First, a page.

IBM Research scientists have achieved a new world record in tape storage – their fifth since 2006. The new record of 201 Gb/in2 (gigabits per square inch) in areal density was achieved on a prototype sputtered magnetic tape developed by Sony Storage Media Solutions. The scientists presented the achievement at the 28th Magnetic Recording Conference (TMRC 2017) in Japan.
Tape storage is currently the most secure, energy-efficient and cost-effective solution for storing enormous amounts of backup and archival data, as well as for new applications such as big data and cloud computing.
This new record areal recording density is more than 20 times the areal density used in current state of the art commercial tape drives such as the IBM TS1155 enterprise tape drive, and it enables the potential to record up to about 330 terabytes (TB) of uncompressed data on a single tape cartridge that would fit in the palm of your hand. It is estimated that 330 terabytes of data are comparable to the text of 330 million books.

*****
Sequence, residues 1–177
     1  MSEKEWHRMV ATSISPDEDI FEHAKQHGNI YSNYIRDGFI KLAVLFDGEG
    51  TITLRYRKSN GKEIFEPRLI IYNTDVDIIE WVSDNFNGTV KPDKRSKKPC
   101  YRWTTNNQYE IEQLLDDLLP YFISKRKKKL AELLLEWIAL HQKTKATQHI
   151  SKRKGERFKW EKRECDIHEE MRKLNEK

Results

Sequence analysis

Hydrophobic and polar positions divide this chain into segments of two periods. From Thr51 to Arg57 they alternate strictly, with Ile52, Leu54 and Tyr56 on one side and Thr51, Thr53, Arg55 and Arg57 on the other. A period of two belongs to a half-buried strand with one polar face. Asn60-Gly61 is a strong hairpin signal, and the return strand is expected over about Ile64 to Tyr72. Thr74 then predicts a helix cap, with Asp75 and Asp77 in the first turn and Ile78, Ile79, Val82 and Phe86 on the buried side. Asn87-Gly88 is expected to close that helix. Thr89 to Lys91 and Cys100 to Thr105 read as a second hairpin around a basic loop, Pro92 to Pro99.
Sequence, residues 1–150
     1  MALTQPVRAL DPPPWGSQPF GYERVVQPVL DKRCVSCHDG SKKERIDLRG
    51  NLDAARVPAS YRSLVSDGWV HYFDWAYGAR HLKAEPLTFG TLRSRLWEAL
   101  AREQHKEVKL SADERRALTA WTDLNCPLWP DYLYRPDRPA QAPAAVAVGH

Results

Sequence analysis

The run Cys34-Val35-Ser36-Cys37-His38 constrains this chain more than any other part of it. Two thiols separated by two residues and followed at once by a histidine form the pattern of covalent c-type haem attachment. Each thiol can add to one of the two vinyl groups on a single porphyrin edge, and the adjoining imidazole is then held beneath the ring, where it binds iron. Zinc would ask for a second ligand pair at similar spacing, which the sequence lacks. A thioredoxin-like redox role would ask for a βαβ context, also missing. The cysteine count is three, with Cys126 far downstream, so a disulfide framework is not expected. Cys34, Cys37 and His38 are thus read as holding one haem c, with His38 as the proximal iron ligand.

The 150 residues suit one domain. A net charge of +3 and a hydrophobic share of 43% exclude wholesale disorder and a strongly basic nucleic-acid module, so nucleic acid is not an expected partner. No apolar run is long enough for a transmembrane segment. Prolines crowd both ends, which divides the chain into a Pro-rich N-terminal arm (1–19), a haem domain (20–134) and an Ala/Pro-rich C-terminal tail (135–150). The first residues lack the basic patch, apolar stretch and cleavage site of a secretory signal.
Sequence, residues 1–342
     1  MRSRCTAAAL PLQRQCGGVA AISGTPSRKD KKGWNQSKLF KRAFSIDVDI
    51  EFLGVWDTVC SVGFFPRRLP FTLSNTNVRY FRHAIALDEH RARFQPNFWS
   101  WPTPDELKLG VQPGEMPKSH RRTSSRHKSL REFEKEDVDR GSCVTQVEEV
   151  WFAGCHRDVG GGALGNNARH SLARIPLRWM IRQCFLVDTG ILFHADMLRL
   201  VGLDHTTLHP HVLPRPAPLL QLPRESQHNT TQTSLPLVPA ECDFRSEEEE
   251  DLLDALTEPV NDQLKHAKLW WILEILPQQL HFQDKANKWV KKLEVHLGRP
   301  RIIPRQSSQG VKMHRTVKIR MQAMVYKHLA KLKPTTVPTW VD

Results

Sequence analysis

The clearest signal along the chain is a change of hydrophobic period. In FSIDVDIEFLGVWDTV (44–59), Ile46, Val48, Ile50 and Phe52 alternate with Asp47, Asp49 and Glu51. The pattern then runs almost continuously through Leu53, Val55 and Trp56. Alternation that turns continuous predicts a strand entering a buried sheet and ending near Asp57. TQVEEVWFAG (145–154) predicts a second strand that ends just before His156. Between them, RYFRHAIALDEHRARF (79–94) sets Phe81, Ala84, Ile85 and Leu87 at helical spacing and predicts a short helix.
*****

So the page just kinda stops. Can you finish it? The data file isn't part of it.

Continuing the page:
“Tape has traditionally been used for video archives, back-up files, replicas for disaster recovery and retention of information on premise, but the industry is also expanding to off-premise applications in the cloud,” said IBM Fellow Evangelos Eleftheriou. “While sputtered tape is expected to cost a little more to manufacture than current commercial tape that uses Barium ferrite (BaFe), the potential for very high capacity will make the cost per TB very attractive, making this technology practical for cold storage in the cloud.”
The solution employs signal-processing algorithms for the data channel, based on noise-predictive detection principles, which enable reliable operation at a linear density of 818,000 bits per inch with an ultra-narrow 48nm wide tunneling magneto-resistive (TMR) reader. A set of advanced servo control technologies that when combined enable head positioning with an accuracy of better than 7 nanometers. This combined with a 48nm-wide (TMR) hard disk drive read head enables a track density of 246,200 tracks per inch, a 13-fold increase over a state of the art TS1155 drive.
More details are available at: http://www.research.ibm.com/labs/zurich/sto/tape/arealdensity.html